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Old 01-07-2007, 01:04 AM   #1
piace
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Default Help--"Floaties in my wWne"

Help.

Background:
2006 was our first attempt at wine-making. We did a "practice run" with Concord grapes picked from my son's backyard. Our second, much larger batch was from Merlot grapes (Lido, CA), purchased through a wine equipment dealer here in the midwest. The less than ideal Concord was bottled on Dec. 24. Surprisingly the wine is very, very good--not too sweet like the stuff you buy, etc., etc. The Merlot won't be finished for months, but we're having a scary problem with the practice Concord that we want to avoid with the Merlot.

The problem:
We've drank 4 bottles of the Concord. It tastes good and is crystal clear. Today I held a bottle of the stored wine to the light and was shocked to see "stuff" floating inside all the bottles of wine. I really struggle with describing it. It is light in color and and looks like masses of solid particles--something like pulp floating in orange juice or crushed up, soggy cornflakes.

We carefully and faithfully sanitized all our equipment everytime we handled or re-racked the wine. We measured acid, etc which remained constant at 65. We sanitized the bottles. At bottling, we added proper amounts of Potassium Sorbate and Campden.

The Questions:
What in the name of "Pete" is this stuff?? Where did it come from? Are the remaining 30 bottles of wine a complete waste? Does it need to be poured down the drain? Is there anything we can do to salvage it?

My Comment:
We can chalk up the possible ruination of the wine to experience if we can figure out what we did wrong. If it can be fixed, we'll certainly fix it. More importantly--the Merlot is on its way to being a fine, high quality wine and we don't want to ruin it too.

My Plea:
Can anyone help?

My Thanks:
My sincere thanks to anyone who can help me understand what is going on and how to fix it, if it can be fixed.

Sincerely,
piace

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Old 01-07-2007, 02:23 PM   #2
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The only thing that comes to mind is that you rushed into bottling. I rack my wines about 3 or 4 times before bulk aging them, then rack them again before bottling. I would add the campden at bottling, but not sorbate unless you were sweetening. If you sorbate, you add campden and sorbate to your carboy, and let it sit a couple of weeks. Then rack and bottle. You probably got some fine sediment from sorbating it and bottling right away.

Again, I don't sorbate as there is no reason to unless I'm backsweetening. You won't want to sorbate your merlot in any case. I think that's the problem, but I can't be 100% sure since I can't visualize it. But, if it tastes good and the wine is clear, don't worry about it. Maybe take a couple of bottles and put them upright for a few days, and don't disturb them and see if your floaties settle.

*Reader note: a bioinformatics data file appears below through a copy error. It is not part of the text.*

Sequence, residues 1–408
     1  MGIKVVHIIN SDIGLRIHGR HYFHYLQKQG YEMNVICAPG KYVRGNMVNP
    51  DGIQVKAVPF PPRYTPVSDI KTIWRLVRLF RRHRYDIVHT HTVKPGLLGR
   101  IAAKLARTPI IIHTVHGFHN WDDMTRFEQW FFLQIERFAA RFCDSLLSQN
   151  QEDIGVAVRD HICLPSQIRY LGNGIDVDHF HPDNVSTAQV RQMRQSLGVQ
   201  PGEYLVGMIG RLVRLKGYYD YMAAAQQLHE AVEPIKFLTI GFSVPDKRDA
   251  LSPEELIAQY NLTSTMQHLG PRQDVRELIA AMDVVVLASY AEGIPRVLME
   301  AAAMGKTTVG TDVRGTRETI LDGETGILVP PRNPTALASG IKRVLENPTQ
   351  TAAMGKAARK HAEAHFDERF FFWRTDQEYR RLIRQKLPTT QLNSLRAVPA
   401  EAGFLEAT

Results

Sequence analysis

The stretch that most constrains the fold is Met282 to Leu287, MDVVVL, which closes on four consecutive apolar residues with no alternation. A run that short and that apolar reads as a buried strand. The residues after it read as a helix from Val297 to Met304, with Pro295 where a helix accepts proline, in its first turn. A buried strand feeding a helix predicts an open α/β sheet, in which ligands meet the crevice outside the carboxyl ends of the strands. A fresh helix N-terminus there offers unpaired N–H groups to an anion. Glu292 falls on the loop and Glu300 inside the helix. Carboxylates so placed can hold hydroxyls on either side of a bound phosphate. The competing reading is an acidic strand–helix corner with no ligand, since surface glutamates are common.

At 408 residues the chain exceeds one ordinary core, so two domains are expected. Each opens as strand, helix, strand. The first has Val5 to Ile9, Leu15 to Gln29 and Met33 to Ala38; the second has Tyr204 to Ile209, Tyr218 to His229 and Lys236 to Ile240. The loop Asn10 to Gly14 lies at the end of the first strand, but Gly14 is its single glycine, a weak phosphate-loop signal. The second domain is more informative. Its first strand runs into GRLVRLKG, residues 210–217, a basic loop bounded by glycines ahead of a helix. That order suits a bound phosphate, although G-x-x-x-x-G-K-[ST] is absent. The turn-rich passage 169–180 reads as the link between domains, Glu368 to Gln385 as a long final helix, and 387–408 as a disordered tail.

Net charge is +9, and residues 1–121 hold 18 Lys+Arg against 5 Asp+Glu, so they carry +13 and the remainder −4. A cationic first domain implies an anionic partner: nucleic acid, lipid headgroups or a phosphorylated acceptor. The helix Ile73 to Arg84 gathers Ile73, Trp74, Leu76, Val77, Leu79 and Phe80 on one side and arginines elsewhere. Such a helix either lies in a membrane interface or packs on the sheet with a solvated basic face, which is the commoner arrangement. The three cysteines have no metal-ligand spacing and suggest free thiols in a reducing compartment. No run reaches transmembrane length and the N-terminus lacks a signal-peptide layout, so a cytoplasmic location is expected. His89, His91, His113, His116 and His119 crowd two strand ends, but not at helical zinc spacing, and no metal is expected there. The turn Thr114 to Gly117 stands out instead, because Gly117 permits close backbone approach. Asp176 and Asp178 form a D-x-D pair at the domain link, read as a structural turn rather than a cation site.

Lorena

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Old 01-07-2007, 04:50 PM   #3
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Default Thanks on the "Floaties"

Thanks, Lorena

This has been a valuable lesson and I'm glad we messed up on the practice Concord instead of the Merlot. After reading much, along with your learned comment, I am now fairly convinced that you are exactly correct--we rushed the bottling.

Since this batch was Concord, we conditioned the wine, which we won't do at all with the Merlot. The lesson comes through loud and clear though--DON'T BOTTLE until you KNOW the wine is ready to be bottled and has been sufficiently racked to allow microscopic, suspended dead yeast to properly settle.

Everything I had read prior to bottling said, "condition and bottle right away." OOPS. I am now reading things that say --DON'T DO THAT. If you must condition, do so and then wait a minimum of ten days and preferrably 3-4 months before bottling with a couple of racks in between. Otherwise you might wind up with dead yeast deposits in the bottles--Boy that sounds too familiar.

We aren't ready to throw the stuff away. For our first try, the wine tastes too good and is too clear to pitch it quite that fast. We aren't going to engage in any fancy filtration mainly because of the wine's clarity. However, tomorrow we are going to pull the corks on ALL the bottles; strain it back into to carboys (hoping to remove the largest deposits); and let it age and settle more in the carboys. We'll probably rack it two or three more times before we even think about bottling it again. Now we're in the trap of over-handling the wine, but really we don't have a choice at this point. We may not save the wine, but we'll give it a valiant effort.

Thanks again for the advice. You won't be hearing any reports on the Merlot for a long, long time. We'll keep re-racking every 6 weeks or so, and eventually add some French Oak for aging, but we won't even think about bottling until early September or maybe later.

piace

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Old 01-07-2007, 11:11 PM   #4
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Well, I definitely would NOT open the corks and dump it into a carboy. You will oxidize the wine and end up with more problems than just a few floaties. It's fine where it is, just try to careful when you serve it. Set the bottle upright, and leave it for a couple of days or longer if you can. Then open, trying to leave the sediment in the bottle. If it's clear, and tastes good, then it's fine. maybe not for gifts, but certainly for dinner and home use.

This is more of lesson to be learned for next time. Also, if the lees (sediment) is fine, it'll go right through any strainer anyway. Unless you actually own and use a wine filter, I'd leave it alone. Once the wine is oxidized, it's done for.

Lorena

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